affairs and sexuality, insisting politely that certain subjects are simply
private. (Asked by one questioner why she never married, she replied, “I
wasn’t brought up to answer questions like that. And I don’t think you
were, either.”)

Welty’s biographer, however, suffers from no such scruples. Waldron
is endlessly fascinated by the nature of Welty’s relationship with her “adored”
friend John Robinson, to whom Welty dedicated the novel “Delta Wedding” and
who was perhaps the only man with whom she may have had a romantic
attachment, though he is known to have been homosexual. Waldron also
suggests — without offering any evidence — that Welty’s devoted
friendship with sexually predatory writer Elizabeth Bowen may have been
more than platonic. But the most tiresome and offensive of Waldron’s
speculations is her insinuation that despite her infectiously charming
personality, it was Welty’s “ugliness” — which Waldron greatly
exaggerates, if photographs can be trusted — that prevented her from
attracting a romantic partner. No doubt this type of personal intrusion is
exactly what Welty hoped to protect herself from by discouraging
biographers.

Flawed, unfounded or silly as many of Waldron’s personal analyses
of Welty may be (for example, there are several catalogs of the details of
minor social events that end meaningfully, “but Eudora didn’t attend”),
hers is the only work to gather so much of the vast trove of secondary
sources — letters, interviews and various other papers — together in one
volume, and for this reason alone it is indispensable for students of
Welty. It is worthwhile to consider, for instance, Welty’s comment about
“hurt” mothers and her own guilt within a broadened context of
information: Waldron notes that several of Welty’s early, unpublished
stories deal with protagonists trying to escape from powerful mothers; that
Chestina Welty had breast surgery for a malignant tumor on the night before
young Eudora’s piano recital but didn’t tell her daughter for fear she
“wouldn’t do herself justice”; that Welty’s love of travel led to her
mother’s cutting comment shortly before her death, “I’ll be right back –
when you die, those words ought to be engraved on your lips — ‘I’ll be
right back.’”

In fact, Welty’s experience of the world was anything but
parochial. From her early 20s onward Welty made innumerable trips
east, especially to New York, where she was an avid theatergoer and struck
up enthusiastic friendships with writers and editors, even working at the
New York Times Book Review for a spell. She also lived for a few months in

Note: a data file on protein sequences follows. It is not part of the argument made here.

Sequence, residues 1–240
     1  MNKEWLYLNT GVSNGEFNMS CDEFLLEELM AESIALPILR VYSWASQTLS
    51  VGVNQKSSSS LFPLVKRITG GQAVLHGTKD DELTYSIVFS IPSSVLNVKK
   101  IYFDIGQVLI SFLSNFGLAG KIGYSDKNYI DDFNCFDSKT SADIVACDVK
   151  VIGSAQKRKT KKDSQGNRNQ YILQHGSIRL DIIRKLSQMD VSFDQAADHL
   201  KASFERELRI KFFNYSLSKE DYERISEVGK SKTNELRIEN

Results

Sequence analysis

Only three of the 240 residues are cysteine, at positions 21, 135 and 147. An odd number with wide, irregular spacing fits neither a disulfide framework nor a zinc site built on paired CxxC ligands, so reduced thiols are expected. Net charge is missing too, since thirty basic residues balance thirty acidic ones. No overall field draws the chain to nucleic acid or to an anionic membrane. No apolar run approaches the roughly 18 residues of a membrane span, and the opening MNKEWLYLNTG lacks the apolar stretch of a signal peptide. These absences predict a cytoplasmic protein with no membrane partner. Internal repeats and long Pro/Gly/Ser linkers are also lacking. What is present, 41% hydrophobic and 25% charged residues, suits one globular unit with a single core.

San Francisco (one of the stories in “The Golden Apples” is a veritable
walking tour of the city and describes her daily streetcar ride to the
beach) and traveled in Europe, the inspiration for many of the stories in
“The Bride of the Innisfallen.”

But if travel opened Welty’s mind, her true subject was always her
inner landscape. Welty would not have earned her status in the American
canon if she had merely invented traveling salesmen or provincial
beauticians or old black grandmothers or little girls dreaming through
storms. What distinguishes her fiction is the way she parts a curtain for
her characters — often observers, outsiders, travelers like herself –
allowing them fleeting glimpses of some truth they’ll never be able to hold
onto. In one of many eloquent soliloquies delivered by a Welty character,
an adolescent camper on the cusp of adulthood in the story “Moon Lake”
thinks of how pears begin to turn brown as they are eaten: “It’s not the
flowers that are fleeting,” she thinks, “it’s the fruits — it’s the time
when things are ready that they don’t stay.”

Welty’s legendary powers of observation — undoubtedly honed during
her travels, camera in hand, for the WPA — were obvious from her first
book, “A Curtain of Green and Other Stories.” In this strange and affecting
collection, Welty laid virtually all of her stylistic and thematic cards on
the table: her knife-edged ability to render place, her fascination with
journeys, her virtuosity with metaphor and description and her
characteristic plot, a meandering, nonlinear story that resolves itself –
or doesn’t — in ways wholly impossible to anticipate. The effect is that
of entering an elevator in which a fateful conversation is already taking
place — and your only choice is to get off at your own floor. Most of
Welty’s best-known stories, including “Why I Live at the P.O.,” come from
this book, which also displays how acutely she understood the stilted
mysteries of relationships between men and women. “Women?” the
then-admittedly virginal Welty wrote in “Death of a Traveling Salesman,”
“He could only remember little rooms within little rooms, like a nest of
Chinese paper boxes, and if he thought of one woman he saw the worn
loneliness that the furniture of that room seemed built of.”

There is nothing of the prudish old maid, nothing innocent, about